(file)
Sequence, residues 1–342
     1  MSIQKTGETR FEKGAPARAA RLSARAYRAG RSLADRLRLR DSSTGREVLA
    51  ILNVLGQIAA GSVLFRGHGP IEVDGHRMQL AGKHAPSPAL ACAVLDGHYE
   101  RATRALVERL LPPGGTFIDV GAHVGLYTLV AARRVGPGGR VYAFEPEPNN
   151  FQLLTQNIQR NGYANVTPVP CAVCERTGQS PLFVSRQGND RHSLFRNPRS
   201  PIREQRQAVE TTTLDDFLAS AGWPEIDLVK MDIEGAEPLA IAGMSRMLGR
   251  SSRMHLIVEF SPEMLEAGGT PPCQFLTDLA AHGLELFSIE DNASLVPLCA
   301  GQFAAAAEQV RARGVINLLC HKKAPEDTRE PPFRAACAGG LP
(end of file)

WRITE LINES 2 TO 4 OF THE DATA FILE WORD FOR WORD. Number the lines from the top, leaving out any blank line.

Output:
     1  MSIQKTGETR FEKGAPARAA RLSARAYRAG RSLADRLRLR DSSTGREVLA
    51  ILNVLGQIAA GSVLFRGHGP IEVDGHRMQL AGKHAPSPAL ACAVLDGHYE
   101  RATRALVERL LPPGGTFIDV GAHVGLYTLV AARRVGPGGR VYAFEPEPNN